The new International Energy Agency report predicts that, if governments fail to adopt the right policies, global coal use will grow by at least 2% a year until 2030 – much more than other conventional fuels. This would make it very difficult to make the emissions cuts necessary to avoid dangerous climate change. The IEA estimates that it would cost $9 trillion more than ‘business as usual' to keep atmospheric CO2 concentrations below the dangerous level of 450 ppm. (they are now over 380 ppm and rising at a rate of about 3% a year), but that this would yield an enormous pay-back in terms of saved energy costs. WWF believes that this scenario still under-estimates what is required, namely a robust target of a 25-40% reduction in CO2 emissions from developed nations by 2020.
Friday 5th December
The IEA report estimates that, in order to sustain demand for oil at projected consumption levels, up to 64 million extra barrels a day need to come on stream by 2030. This is equivalent to nearly six times the current output of Saudi Arabia (the world's biggest oil producer). The IEA's detailed analysis of 800 oil fields owned by 54 “super-giants” shows that declines in production are likely to accelerate as oilfields become depleted.
The clear impossibility of this should be enough to focus the minds of governments everywhere on the urgent need to provide policies for adaptation to a world where oil is increasingly scarce and expensive. So far, the growing Transition Town Movement appears to be the only organisation sounding the alarm.
Saturday 6th December
Today a Climate Change Service organised by CEL will take place at 11.30 at Hinde Street Methodist Church , London W1U 2QJ, where Mark Dowd of Operation Noah will speak and Rev Paul Trathen will lead a time of reflection and prayer. After the Service, we will join the National Climate Change March leaving Speakers' Corner at 1 pm. Speakers at the rally include George Monbiot, Caroline Lucas (leader of the Green Party) and Michael Meacher (former Environment Minister). Anyone wishing help organise or support the service should email Ruth on email@example.com or ring 01252 849904 or 07970 907784.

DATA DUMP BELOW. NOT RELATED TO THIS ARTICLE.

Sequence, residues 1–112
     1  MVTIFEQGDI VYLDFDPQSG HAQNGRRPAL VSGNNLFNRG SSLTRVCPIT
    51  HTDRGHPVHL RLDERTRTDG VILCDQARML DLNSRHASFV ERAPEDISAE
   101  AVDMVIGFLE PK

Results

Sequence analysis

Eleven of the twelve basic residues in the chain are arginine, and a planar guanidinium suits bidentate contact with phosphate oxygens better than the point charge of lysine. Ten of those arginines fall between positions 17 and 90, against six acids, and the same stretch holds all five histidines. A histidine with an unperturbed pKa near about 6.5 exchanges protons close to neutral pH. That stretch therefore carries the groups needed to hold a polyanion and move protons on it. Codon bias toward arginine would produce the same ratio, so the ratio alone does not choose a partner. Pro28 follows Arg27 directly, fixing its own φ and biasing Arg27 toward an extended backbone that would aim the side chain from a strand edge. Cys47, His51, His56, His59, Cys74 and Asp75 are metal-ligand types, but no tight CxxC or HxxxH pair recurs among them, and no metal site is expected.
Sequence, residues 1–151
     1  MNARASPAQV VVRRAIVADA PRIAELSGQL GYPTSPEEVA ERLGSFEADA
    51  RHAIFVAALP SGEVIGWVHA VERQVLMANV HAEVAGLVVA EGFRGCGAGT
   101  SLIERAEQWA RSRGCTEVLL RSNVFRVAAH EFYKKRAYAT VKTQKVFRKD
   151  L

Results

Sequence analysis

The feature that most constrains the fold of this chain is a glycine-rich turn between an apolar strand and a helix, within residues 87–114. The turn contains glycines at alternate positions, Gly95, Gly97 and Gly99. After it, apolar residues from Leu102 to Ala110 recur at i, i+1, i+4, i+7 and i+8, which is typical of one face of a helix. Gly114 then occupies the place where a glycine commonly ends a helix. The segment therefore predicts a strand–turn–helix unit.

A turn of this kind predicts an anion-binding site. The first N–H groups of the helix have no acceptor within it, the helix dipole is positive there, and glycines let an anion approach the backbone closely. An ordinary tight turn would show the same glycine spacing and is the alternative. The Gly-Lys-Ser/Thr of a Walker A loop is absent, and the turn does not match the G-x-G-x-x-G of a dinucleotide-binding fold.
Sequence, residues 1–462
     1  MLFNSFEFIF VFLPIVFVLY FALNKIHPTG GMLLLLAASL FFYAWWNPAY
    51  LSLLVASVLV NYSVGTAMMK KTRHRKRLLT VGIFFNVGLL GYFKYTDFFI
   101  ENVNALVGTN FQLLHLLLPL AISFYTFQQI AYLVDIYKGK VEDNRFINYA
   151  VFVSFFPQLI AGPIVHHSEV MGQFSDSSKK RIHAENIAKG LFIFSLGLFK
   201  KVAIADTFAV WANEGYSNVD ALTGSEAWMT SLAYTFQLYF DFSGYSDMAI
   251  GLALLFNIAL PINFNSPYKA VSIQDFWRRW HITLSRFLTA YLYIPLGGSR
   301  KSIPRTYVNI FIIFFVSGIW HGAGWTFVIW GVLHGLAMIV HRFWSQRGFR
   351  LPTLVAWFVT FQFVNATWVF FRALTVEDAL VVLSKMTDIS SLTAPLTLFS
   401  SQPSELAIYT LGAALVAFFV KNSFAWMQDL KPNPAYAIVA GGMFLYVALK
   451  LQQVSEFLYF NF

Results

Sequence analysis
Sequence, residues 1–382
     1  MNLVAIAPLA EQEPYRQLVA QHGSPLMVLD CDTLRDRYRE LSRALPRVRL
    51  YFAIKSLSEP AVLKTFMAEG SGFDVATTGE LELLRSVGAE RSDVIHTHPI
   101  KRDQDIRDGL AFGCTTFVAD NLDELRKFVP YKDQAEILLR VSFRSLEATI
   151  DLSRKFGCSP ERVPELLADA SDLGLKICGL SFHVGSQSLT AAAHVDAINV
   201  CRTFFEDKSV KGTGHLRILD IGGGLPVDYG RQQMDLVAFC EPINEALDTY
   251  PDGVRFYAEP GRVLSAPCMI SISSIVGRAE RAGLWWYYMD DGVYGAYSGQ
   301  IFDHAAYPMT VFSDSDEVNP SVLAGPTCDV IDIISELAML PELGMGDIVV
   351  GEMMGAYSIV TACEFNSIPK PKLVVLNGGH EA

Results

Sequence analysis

The Global Day of Action is timed to coincide with the UN Climate Talks taking place in Poznan , Poland .
Sunday 7th December
Loving Father, you sent your Son to be a light to those who walk in darkness. Help us - who have brought your creation, the waters, the lands and creatures of all kinds, to the edge of darkness – to see the new path that we must follow if we are to fulfil your purposes for us. Help us to seek your kingdom above all else – above money, above power and above any selfish considerations. Help us to repent and turn to you, who alone can restore us to the place in your family that was granted to us through your dear Son, Jesus Christ.
Monday 8th December
At the conference of the English Farming and Food Partnerships attended by 300 food and farm leaders, Sion Roberts, Chief Executive of EFFD warned that, despite the recent fall in the rate of food inflation, high and volatile food prices are here to stay both globally and in the UK . Market fundamentals point to a doubling of food prices by 2050. “The net result will be that the balance between supply and demand is set to stay tight over the longer term . . The advantage that has shifted to farm businesses over the past two years is not an increase in farm prices but a realisation by customers that there is significant value and security to be gained by forming new relationships with raw material suppliers.” If this means that supermarkets will cease to put downward pressure on farm gate prices, it is indeed progress. “I truly believe”, said Mr Roberts, “that there is a real opportunity to change the relationship between agriculture and the food industry to the benefit of all.”